When military renters get their orders to pack up and ship out, it can leave some rental property owners wondering, 'Now what?' There are many great reasons you should rent to military personnel—not the least of which is that they're model renters more often than not.
However, when servicemen and women suddenly get their orders to deploy, a high turnover rate can be challenging for investors. That's why it's so important to plan ahead as a rental property owner in the Northern Virginia area.
Be upfront with military renters about your expectations, understand their rights (and your own), and work together to create a plan that works for all parties. Above all, consider working with an Ashburn property management company to help you through the process.
Work With Your Military Renters to Accommodate Their Needs
Dealing with renter turnover can be a bit of a balancing act between meeting your own needs and accommodating your renters' needs.
When you rent to active servicemen and women, some turnover comes with the territory. When a renter gets orders to deploy, it's important to work with them as much as possible. At the very least, this will help you maintain your reputation as a military-friendly property owner, which will make it easier to fill any newly-vacated units more quickly.
You should also familiarize yourself with the Servicemembers Civil Relief Act (SCRA), which gives active military personnel certain rights when it comes to terminating their lease due to deployment. The gist of it is as follows:
- Men and women in the military can terminate their lease for a deployment longer than 90 days. This applies to active-duty members of the regular forces, National Guard members serving active-duty status under federal orders, reservists called to active duty, and Coast Guard members serving on active duty.
- The service member must provide written notice that they intend to invoke their termination rights under the SCRA, along with a copy of their deployment orders.
- The lease termination is effective 30 days after the next rental payment is due. In other words, assuming your resident's rent is due on the first of the month, if you receive notice on January 5th, then the termination date will be February 30th.
As an Ashburn investor, you cannot penalize service members for terminating their lease early under the SCRA. You cannot charge a termination fee, and the renter's security deposit cannot be held as a penalty. You must also return any rent paid for the period after the termination date.
The above reasons are incentive enough for many investors in the Ashburn area to turn their rental properties over to the care of an Ashburn property management company.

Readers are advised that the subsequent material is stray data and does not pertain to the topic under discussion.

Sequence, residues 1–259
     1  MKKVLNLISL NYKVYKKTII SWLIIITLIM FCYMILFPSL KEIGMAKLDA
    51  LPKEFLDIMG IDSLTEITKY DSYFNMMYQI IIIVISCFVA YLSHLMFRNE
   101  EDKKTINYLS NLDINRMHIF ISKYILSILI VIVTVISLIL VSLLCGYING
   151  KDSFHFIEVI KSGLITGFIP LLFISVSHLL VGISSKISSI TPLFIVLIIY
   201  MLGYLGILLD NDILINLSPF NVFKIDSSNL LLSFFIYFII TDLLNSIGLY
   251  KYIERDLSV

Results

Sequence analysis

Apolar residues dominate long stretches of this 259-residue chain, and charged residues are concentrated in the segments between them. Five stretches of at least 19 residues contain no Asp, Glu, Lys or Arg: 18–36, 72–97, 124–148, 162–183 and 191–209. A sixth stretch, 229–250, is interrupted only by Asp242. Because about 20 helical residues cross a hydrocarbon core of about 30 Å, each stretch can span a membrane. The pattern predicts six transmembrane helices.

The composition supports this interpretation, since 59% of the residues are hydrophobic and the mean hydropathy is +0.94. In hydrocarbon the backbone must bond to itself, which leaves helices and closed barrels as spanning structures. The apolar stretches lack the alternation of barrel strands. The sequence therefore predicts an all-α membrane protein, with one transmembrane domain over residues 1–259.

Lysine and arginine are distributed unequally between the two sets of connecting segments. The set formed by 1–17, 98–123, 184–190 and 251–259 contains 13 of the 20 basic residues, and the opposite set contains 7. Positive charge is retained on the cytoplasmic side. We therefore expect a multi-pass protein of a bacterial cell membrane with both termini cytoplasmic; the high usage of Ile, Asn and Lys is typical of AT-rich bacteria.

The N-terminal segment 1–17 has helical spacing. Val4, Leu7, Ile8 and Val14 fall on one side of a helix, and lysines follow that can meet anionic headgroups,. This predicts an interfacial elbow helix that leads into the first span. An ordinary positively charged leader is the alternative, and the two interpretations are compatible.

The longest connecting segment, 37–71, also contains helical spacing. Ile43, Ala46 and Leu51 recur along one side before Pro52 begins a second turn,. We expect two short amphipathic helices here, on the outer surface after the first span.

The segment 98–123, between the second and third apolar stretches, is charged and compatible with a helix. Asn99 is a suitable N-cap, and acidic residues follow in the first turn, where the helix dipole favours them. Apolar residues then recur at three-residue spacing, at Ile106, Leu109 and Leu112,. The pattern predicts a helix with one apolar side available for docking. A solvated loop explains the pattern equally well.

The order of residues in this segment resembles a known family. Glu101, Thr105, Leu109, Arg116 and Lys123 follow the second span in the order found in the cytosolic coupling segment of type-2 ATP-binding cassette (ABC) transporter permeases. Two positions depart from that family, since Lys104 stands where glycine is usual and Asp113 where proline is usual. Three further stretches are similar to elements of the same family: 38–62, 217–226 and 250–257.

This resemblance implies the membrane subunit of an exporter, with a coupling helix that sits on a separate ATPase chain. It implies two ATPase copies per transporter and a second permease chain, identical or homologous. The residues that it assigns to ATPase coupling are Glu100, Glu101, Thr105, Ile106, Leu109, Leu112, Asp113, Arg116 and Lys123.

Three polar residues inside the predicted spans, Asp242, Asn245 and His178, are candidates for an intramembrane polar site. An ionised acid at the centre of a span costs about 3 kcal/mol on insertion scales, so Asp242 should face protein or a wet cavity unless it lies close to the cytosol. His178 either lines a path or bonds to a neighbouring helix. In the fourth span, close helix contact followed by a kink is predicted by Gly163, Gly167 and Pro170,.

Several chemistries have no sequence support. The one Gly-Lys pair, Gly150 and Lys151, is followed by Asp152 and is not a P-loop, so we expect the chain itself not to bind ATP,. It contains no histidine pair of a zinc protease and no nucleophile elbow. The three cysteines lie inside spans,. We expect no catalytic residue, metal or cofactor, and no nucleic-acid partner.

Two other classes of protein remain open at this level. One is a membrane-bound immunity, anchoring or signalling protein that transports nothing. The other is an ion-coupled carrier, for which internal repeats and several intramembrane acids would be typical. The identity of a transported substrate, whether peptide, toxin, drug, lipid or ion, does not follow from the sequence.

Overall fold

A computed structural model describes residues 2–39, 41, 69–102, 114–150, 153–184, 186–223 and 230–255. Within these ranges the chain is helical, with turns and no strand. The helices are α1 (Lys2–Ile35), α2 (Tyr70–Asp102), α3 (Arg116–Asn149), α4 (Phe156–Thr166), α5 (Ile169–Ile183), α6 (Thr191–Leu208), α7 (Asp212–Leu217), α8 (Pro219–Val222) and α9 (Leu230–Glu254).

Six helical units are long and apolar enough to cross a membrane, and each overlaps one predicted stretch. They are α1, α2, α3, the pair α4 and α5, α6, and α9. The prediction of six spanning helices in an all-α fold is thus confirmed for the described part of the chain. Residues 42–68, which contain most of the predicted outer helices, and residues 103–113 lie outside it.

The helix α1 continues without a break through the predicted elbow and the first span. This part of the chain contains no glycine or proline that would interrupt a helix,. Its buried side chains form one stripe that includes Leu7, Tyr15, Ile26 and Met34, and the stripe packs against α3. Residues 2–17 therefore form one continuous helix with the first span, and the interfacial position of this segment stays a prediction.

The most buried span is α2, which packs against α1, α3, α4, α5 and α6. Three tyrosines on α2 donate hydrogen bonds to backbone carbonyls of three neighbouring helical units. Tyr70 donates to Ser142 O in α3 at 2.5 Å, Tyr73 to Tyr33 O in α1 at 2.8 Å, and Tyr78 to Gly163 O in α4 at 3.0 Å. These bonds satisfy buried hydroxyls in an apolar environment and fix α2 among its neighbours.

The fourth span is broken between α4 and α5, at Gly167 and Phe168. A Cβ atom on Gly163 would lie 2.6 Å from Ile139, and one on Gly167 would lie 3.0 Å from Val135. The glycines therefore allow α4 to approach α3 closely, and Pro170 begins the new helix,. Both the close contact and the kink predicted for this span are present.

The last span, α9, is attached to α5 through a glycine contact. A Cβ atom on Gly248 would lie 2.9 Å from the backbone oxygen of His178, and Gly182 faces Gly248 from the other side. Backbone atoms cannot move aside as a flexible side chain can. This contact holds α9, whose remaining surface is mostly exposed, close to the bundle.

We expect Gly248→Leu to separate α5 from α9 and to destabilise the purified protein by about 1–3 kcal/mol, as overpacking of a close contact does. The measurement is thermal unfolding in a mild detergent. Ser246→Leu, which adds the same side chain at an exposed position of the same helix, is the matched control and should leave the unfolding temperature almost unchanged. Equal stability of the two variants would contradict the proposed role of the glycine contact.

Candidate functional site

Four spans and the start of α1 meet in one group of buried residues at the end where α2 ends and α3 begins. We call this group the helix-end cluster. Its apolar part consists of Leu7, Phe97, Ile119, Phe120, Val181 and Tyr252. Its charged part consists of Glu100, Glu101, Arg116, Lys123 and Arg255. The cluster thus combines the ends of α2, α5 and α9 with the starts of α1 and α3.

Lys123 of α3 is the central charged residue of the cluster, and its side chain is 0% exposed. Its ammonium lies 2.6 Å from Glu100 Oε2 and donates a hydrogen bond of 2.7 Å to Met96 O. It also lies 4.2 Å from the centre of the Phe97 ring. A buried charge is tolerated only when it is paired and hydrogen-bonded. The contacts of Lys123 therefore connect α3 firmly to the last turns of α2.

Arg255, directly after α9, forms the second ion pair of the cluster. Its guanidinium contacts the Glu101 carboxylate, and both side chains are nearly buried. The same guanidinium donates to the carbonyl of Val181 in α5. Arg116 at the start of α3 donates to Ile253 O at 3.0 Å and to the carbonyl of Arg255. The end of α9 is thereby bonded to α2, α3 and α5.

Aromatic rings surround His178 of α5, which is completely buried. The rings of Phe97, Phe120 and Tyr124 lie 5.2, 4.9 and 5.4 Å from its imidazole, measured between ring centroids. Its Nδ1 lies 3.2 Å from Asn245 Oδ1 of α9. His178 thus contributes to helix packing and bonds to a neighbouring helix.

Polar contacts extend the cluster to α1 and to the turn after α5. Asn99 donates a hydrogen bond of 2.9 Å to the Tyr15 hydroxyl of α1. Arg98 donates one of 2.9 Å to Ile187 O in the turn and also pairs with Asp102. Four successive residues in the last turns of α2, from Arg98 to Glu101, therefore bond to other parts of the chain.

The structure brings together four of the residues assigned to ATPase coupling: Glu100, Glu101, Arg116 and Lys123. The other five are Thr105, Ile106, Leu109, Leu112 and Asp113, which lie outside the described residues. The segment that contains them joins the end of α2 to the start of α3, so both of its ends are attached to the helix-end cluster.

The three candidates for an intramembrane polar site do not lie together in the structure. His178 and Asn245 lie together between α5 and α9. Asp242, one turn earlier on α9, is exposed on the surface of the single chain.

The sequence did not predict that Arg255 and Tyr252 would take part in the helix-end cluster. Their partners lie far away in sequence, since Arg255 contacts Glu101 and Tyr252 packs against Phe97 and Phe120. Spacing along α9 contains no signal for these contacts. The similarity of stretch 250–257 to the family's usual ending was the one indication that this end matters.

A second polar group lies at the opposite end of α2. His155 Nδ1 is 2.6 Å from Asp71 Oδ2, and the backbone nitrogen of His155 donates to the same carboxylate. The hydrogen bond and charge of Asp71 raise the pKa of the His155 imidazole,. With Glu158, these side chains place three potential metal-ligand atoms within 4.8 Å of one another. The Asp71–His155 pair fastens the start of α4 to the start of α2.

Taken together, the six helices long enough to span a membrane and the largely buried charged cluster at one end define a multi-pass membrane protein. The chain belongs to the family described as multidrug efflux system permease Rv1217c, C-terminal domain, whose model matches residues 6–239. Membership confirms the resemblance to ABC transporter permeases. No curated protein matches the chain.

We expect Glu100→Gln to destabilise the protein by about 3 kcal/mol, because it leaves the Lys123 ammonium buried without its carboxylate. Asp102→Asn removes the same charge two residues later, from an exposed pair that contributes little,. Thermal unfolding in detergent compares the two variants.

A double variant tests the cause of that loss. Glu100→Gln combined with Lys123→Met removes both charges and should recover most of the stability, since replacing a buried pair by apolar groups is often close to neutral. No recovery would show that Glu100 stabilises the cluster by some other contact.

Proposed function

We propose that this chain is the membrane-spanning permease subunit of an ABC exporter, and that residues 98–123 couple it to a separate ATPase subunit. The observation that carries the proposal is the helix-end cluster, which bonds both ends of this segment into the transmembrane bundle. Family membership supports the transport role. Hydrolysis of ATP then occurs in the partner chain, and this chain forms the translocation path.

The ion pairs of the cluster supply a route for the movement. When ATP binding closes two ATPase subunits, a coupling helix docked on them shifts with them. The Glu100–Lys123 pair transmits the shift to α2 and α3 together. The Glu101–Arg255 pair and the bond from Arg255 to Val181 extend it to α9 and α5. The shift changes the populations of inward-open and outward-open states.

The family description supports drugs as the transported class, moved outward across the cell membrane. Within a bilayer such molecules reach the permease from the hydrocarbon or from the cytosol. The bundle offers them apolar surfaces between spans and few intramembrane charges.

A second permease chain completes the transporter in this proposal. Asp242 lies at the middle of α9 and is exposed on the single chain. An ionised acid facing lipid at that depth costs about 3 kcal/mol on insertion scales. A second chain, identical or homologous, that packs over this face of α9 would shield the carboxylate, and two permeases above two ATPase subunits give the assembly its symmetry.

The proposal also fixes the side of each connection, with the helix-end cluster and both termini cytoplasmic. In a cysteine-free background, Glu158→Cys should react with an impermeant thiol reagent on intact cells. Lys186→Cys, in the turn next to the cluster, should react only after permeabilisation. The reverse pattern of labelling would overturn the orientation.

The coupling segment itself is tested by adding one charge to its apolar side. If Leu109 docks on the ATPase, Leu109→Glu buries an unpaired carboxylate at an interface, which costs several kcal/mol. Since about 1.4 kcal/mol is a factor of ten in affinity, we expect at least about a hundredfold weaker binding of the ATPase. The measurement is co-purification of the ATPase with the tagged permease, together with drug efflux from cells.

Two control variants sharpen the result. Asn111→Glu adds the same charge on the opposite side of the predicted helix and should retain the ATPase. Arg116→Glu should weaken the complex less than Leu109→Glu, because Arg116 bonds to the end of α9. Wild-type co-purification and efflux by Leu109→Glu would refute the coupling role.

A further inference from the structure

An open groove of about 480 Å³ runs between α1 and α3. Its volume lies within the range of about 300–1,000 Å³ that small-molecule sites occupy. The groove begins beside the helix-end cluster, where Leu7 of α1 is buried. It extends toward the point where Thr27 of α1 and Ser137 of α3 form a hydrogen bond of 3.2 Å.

Verify the Renter’s Military Orders to Deploy
If a military renter is ordered to deploy, there's a very good chance that they will give you a letter of termination, along with a copy of their orders, as a courtesy. If they don't, it's well within your rights to ask to see the orders. As the property owner, you're not out of line to want to verify that your renter is leaving because of their orders.
- Keep in mind that service members are not always given orders more than 30 or 60 days before their move date.
- That means they may not be able to give you as much notice as you'd like (or even as much as they're technically supposed to under the SCRA guidelines).
- Even so, it's best to try to work with your military renters as much as possible. If they are awaiting orders, you could also request a signed memorandum from their commanding officer.
Create a Lease That Accommodates Short-Notice Deployments
While your military residents are always entitled to the protections of the SCRA, there may be situations, as mentioned above, when they're not able to give significant notice before deployment. That's why it's always a good idea to include language in your leasing agreement that makes accommodations for short-notice deployments. This is what's sometimes referred to as a 'military clause.'
You can choose the terms of this clause and how you want it to be worded. Typically, a military clause in the lease would stipulate that if a renter is forced to move due to:
- Removal from active duty
- Retirement from the military
- Orders to relocate to military housing
That they may terminate the lease with at least 30 days' notice and must provide a copy of their official orders.
Working With an Ashburn Property Manager
One of the simplest and safest ways to respectfully handle relations with your military renters is to utilize the services of a professional Ashburn property management company.
Working with enlisted renters and protecting your interests is just part of what a property manager can do for you. When you choose to work with a great property management team like RentSimple, you can rest assured that your interests—as well as the interests of your renters—is always the top priority.
At RentSimple, we've built our reputation on helping investors protect their investment: treating renters with respect and building working relationships with them is just one way we do this. However, it's not the only way to protect your portfolio! Learn more when you download your free copy of our resource, Protecting Your Investment Property: A Guide!